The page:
RERA-pro, a project headed by the Styrian firm Botres Global GmbH, is concerned with research leading to an integrated biorefinery to process residues on an industrial scale. Also involved in the project: Stipits Entsorgung GmbH and the Process Engineering study group in the Institute of Food Technology at the University of Natural Resources and Life Sciences, Vienna. The aim is to make high-grade products from organic waste, entirely emission-free, by means of system integration and linking together various pioneering technologies.
The approach adopted here differs from cascading strategies, as full use is made of the biomass in an integrated process, with no competition between energy production and utilization of substances. The integrative approach combines biogas production, processing fermentation residues and fermenting algae, all in a single facility. Fermentation residues from producing biogas are used to make customized fertilizers and high-grade protein feed. Two-thirds of the remaining fermentation residues are converted into clean water, and the biogas process and the treatment of fermentation residues are used to obtain nitrogen with which to ferment heterotroph algae. In exchange for only 20 % less biogas produced, the process utilizes up to 70 % of the nitrogen accumulating.
Producing heterotroph algae
Utilizing algae for material has huge potential. Microalgae are used to produce polyunsaturated fatty acids on an industrial scale for the food and feed industries; they can also be used as a feedstock in the chemical and pharmaceutical industries. Usually, in phototrophic production, algae need sunlight, carbon dioxide and water to be able to grow. The energy to fix carbon dioxide in photosynthesis comes from the sun. In this process carbon dioxide is fixed in the form of chemical compounds which represent a source of carbon for the algae. Where heterotroph microalgae are fermented, the algae do not need light or carbon dioxide in order to grow; in heterotroph algae cultivation the algae cells are not supplied with carbon dioxide but with other sources of carbon, such as sugar or acetic acid.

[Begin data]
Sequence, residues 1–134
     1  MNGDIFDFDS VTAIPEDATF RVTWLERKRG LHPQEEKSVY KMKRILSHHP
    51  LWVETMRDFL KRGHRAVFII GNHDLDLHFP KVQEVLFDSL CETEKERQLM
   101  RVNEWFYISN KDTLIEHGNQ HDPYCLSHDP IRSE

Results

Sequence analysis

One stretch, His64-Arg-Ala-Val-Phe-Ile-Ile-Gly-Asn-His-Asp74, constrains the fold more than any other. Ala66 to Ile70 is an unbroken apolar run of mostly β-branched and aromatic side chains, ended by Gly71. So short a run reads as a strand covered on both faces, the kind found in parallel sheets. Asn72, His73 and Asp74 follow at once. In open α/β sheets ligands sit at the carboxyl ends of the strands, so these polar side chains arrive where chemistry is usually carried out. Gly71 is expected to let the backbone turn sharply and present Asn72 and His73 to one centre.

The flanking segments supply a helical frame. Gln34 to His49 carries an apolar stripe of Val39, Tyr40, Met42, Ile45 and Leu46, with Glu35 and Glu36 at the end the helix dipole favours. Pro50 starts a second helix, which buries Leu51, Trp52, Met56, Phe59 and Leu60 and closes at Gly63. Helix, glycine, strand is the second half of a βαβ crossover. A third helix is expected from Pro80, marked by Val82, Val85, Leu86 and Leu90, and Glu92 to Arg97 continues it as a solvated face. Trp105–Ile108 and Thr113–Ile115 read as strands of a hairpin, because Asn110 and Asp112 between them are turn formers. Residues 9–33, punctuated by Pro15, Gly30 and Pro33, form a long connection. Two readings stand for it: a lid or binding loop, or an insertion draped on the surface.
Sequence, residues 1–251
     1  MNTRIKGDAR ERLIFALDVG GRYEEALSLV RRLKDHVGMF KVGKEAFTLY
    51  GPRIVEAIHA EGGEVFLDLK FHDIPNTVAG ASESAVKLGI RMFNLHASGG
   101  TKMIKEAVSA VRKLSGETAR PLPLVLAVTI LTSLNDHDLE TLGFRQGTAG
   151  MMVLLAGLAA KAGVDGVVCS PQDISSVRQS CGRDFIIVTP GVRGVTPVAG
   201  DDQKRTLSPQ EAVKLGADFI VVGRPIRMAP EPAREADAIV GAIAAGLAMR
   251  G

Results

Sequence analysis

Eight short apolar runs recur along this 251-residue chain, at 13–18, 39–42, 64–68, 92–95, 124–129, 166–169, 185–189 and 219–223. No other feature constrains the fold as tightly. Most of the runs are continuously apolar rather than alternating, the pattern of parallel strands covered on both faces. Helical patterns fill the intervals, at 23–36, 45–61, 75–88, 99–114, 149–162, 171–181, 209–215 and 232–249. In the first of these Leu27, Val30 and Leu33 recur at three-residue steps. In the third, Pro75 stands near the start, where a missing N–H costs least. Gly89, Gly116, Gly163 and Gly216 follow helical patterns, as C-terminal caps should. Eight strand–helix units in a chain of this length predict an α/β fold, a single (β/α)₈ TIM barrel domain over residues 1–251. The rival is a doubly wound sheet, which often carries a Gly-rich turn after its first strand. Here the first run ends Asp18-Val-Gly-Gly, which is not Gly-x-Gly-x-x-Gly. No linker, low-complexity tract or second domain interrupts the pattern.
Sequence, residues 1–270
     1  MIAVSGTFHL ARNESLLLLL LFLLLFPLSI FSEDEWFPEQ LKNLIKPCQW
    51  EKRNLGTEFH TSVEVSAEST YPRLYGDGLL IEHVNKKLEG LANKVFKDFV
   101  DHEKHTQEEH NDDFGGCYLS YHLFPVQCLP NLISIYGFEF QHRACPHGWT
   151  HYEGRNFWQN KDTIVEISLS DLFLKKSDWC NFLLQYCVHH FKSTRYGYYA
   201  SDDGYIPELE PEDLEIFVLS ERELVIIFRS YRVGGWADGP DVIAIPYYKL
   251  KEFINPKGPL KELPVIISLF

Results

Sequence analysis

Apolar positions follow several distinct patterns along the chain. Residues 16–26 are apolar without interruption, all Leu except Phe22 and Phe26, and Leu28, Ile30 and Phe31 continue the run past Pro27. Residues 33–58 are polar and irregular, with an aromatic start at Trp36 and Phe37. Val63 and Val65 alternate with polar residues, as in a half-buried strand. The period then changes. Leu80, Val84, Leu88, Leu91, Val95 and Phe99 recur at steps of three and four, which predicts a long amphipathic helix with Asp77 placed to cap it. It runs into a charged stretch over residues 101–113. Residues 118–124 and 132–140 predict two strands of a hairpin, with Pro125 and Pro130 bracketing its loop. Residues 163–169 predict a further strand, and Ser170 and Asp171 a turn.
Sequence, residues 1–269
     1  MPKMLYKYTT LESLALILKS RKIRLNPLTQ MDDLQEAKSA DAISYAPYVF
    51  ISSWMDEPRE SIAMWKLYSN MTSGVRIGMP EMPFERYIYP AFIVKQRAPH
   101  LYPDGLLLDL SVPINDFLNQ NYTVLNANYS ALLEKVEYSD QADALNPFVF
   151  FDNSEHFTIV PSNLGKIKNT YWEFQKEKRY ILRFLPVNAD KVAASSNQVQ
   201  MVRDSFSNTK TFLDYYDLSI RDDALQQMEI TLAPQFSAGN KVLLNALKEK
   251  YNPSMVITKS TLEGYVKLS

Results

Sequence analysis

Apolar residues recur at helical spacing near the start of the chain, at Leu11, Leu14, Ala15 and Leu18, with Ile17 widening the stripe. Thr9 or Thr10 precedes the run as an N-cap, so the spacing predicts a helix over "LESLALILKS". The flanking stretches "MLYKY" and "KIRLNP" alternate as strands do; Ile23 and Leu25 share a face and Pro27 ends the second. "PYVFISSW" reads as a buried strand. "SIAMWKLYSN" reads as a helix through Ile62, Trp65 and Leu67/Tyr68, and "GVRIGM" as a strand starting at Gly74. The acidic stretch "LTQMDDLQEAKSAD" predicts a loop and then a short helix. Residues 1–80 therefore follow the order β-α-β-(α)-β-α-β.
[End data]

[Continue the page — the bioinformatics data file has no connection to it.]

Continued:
Organic waste as a source of protein for aquacultures
In the RERA-pro approach the heterotroph algae are intended to serve as a source of protein (algae SCP = Single Cell Protein) for aquacultures. The aim of the strategy is to cut costs dramatically – the cost of producing SCP is meant to go down by 50 up to 70 %. With a shortage of fishmeal expected all over the world, opening up new, tailor-made sources of feed protein presents a global challenge. This applies to the industrialized countries, too – the EU´s self-sufficiency in feed protein is only 32 %. Heterotroph algae are an ideal substitute for fishmeal; in comparison with vegetable proteins, they have a better spectrum of amino acids, and fish fed on them contain more omega-3 fatty acids.
Producing heterotroph algae from organic waste is a cutting-edge strategy that can help to mitigate the worldwide shortage of sources of feed protein. Implementing a first integrated biorefinery to process residues is planned for 2017, in the form of a research and test facility on the Stipits premises in Rechnitz (Burgenland).
To encourage research, development and implementation of technologies and products connected with microalgae, bmvit manages Netzwerk Algen (“Algae Network”). Once a year a meeting is held at which the stakeholders in the field can link up together. Apart from activities in Austria, there are plans to exchange information with stakeholders in Germany and Switzerland.